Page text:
PROVINCETOWN — The muralist Louis Masai was on his way to install a show in Los Angeles in May 2017 when he stopped for a brief stay here. He left in his wake a patchwork right whale on an outside wall of the Harbor Hotel on Commercial Street in the East End. The every-color painting took Masai less than two days to create.
Masai’s whale mural recently vanished as quickly as it had appeared.
Unlike many local residents, the artist is unperturbed. “I think my work should always be disappearing,” he says.
Masai makes art focused on endangered species — bees, especially, but “everything linked to biodiversity collapse or climate change,” he says. In that sense, the mural’s transience captures something essential about his message. Masai considers his work “a call to action.”
In the case of his Provincetown right whale (which was trailed by a bee), “We wanted to highlight that this creature has been in the ocean since before humans were on the planet, and yet they’re disappearing,” Masai says. He notes that fewer than 350 right whales remain worldwide.
“They have been coming into harbors more emaciated,” which he says has to do with the proliferation of plastic in the ocean and its effects on their digestion. He says that if he were to paint the mural again, it would be filled with imagery linked to the hazards endangering whales, like fishing nets and plastics.
Masai says he has been a vegan for 10 years. He is based in the coastal town of Margate in southeastern England. There, like in Provincetown, seafood is popular. Masai finds it ironic that “people are complaining about a mural of a whale being removed and yet they’re sitting down and eating fish.”
Masai’s 2017 right whale portrait was sponsored by Appearances: Provincetown Green Arts Festival, an eco-arts jubilee that ran from 2011 to 2018. Co-founder Tina Trudel called the celebration a “labor of love.”
Organizers pooled frequent-flier miles to pay for Masai’s airfare from the U.K. The Harbor Hotel wall was available.
“People donated money, time, food, and space” for the visit, said Lisa Sette, who had been following his work for years and volunteered at the festival. Over the course of Masai’s two days of spray-painting, local residents stepped up to help, responding to Masai’s “preferences for nozzle types and colors,” Sette recalls.
Masai was not aware of his work’s fate until an artist friend passed through Provincetown and let him know. Masai was unfazed: “It’s public art,” he says. “I don’t own the wall.”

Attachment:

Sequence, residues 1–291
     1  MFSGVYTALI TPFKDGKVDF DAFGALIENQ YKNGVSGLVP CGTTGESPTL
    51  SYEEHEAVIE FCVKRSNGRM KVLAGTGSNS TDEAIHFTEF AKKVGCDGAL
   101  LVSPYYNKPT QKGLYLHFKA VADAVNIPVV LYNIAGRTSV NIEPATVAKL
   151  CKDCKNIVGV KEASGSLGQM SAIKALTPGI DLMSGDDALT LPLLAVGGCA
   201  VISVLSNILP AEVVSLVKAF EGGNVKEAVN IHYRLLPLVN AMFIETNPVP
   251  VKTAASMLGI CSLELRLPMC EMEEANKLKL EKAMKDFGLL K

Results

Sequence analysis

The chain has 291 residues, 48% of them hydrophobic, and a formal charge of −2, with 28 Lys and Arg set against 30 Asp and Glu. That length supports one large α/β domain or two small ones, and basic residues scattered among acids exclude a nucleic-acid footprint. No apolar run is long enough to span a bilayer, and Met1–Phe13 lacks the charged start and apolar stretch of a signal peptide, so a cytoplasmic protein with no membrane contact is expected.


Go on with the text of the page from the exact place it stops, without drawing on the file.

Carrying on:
The Plymouth-based hotel management company Linchris has owned the wall since 2018, when it purchased the Harbor Hotel. It was whitewashed in May as part of the company’s capital project plan, according to Linchris President Bob Anderson. “That wall is going to have a bunch of holes in it because there’s going to be windows in that side of the building,” Anderson said. He added that the room inside that wall hasn’t been operational and “is kind of like a dungeon.” The whole exterior of the building is being repainted, said Anderson, to “keep the hotel in good shape.”
The mural’s demise provoked more than 200 social-media comments expressing indignation, mourning, and attempts to memorialize the work. The mural’s whitewashing “unfortunately parallels the broader sociocultural response to climate change and humanity’s role in the environmental crises we face,” wrote Appearances co-founder Dorothy Palanza in an email to the Independent.
Shortly after Masai painted the mural, the then-owners of the hotel contacted him with a business proposition: they wanted to merchandise T-shirts and totes printed with a replica of the whale. “I said, ‘Absolutely not,’ ” Masai says. “Public art is public art. It’s for free.”
His most recent mural, a 90-by-60-foot masked black bear he painted in Houston, is called We All Wear the Mask but How Long Will It Last. That patchwork ursid work is a commentary on faddish responses to environmental crises — like almond milk. It’s seen as an eco-conscious alternative to cow’s milk, but almond farms require pesticides and are detrimental to bee populations. The West Coast is home to almond monoculture, which is “one of the most disastrous things,” Masai says.
Since the right whale mural was whitewashed, community responses have varied. Sette has her fingers crossed for pentimento. “My hope is that the mural’s color and shape will bleed through as the white fades,” she says.
The whitewashing sent waves of nostalgia across the Atlantic.
Many view the disappearance of the mural as an example of corporate disregard for climate change and art. But Masai says he has bigger fish to fry — or rather, to keep from the frying pan. “People are making this much of a fuss about a painting of a right whale disappearing,” he says. “How about they care more about the real ones disappearing? Get me a bigger wall, a better wall, and let’s go paint another mural.”